NSW will meet national housing target, premier insists

NSW is on track to meet its ambitious portion of the nation's housing target of an extra one million homes over the next five years, the state government insists.

Premier Chris Minns addressed those who criticised the "impossible" undertaking of delivering 377,000 more homes during his State of the State address on Wednesday.

"Meeting our share of the national targets would mean building more homes than we've ever built in a year, every year for five years," he told the audience at the Committee for Economic Development of Australia event.

"But we need to have an ambition to shoot for."

Part of the plan will be an ambitious rewrite of Sydney's housing targets that shifts the focus from west to east, addresses the supply crisis and offers incentives to councils who meet new housing goals.

Under a $200 million grant program, 43 councils will be given new housing targets and rewarded with parks, sporting facilities and upgraded footpaths if they meet the goals.

Mr Minns said the program will encourage councils to spend, rather than sit on the more than $3 billion in contributions collected for local infrastructure.

"The parts of Sydney which drive more development will receive more funding for schools, hospitals and roads," he said.

"An extra $200 million - to fund the green space, the footpaths, the parks and the local streets that build good communities."

NSW Premier Chris Minns
Councils will be encouraged to spend rather than sit on infrastructure funding, Chris Minns says. (Bianca De Marchi/AAP PHOTOS)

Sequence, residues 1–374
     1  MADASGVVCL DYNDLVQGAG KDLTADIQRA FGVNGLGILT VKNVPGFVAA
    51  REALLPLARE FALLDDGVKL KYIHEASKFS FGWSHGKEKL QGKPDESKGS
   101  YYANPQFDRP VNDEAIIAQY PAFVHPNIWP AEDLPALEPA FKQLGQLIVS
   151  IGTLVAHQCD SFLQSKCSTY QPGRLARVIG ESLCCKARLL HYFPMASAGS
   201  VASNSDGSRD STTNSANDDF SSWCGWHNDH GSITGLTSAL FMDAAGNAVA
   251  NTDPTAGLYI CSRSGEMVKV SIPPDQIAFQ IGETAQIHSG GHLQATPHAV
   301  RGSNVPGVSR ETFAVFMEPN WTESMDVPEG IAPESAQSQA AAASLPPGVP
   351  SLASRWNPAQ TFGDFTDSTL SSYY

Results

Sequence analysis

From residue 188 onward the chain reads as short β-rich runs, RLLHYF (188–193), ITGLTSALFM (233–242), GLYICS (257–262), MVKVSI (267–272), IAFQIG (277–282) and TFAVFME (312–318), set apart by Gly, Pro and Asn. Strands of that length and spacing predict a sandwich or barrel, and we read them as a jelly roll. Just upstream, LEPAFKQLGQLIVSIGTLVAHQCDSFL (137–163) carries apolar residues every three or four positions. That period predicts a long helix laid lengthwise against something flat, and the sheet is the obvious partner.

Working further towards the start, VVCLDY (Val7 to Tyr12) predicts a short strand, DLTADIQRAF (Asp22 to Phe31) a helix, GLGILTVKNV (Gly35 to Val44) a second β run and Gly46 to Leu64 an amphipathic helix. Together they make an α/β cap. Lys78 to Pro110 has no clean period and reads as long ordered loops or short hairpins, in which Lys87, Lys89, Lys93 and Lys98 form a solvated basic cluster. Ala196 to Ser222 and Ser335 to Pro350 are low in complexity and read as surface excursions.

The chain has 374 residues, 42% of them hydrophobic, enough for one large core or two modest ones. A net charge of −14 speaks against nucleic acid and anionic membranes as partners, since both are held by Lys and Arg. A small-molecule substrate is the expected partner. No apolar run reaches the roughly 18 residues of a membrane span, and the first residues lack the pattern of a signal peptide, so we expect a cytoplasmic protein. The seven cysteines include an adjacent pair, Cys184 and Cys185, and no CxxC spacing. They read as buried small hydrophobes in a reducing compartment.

The new targets call for 70 per cent of the state's 377,000 new homes to be built in Sydney and specifically designed to dramatically shift new home construction towards infill housing closer to the eastern seaboard.

Councils in Sydney's eastern and northern suburbs will be responsible for delivering around 41 per cent of new homes.

Under the changes, 82 per cent of all new homes will be built in established "brownfield" areas and 18 per cent in undeveloped, "greenfield" locations.

The "rebalance" will see the Sydney transform from greenfield to almost exclusively brownfield development, Mr Minns said.

Councils that approve more homes and meet their housing targets will be eligible for a greater portion of grant funding.

Their planning performance will also be judged and compared under a soon-to-be published council league table.

But the Property Council of Australia said the NSW government needed to go further and impose clear penalties for councils that failed to deliver on targets.

"We won't close the housing gap without both carrot and stick," NSW director Katie Stevenson said.

A "red card" model for underperforming councils with greater use of the state's step-in planning powers would be a good first step, she added.

Urban Taskforce chief Tom Forrest said for unco-operative councils, the government should be able to remove their planning powers with a planning administrator appointed.

"A strict regime of performance monitoring by the Department of Planning, Housing and Infrastructure must be established with monthly updates made public via the Planning Portal dashboard," he said.

Housing approvals for NSW remain well below the figures needed to meet the state's contribution of about 75,000 extra homes per year towards the national targets.

Meanwhile, developers are yet to begin work on 15,593 homes across the state - including 11,170 in Sydney - despite being granted building approvals, according to KPMG analysis released on Wednesday.

The number of new dwellings approved but not commenced in NSW climbed from 13,765 in the March quarter of 2023 to 15,593 by the December quarter, the report showed.

About 80 per cent of stalled projects were townhouses and apartments.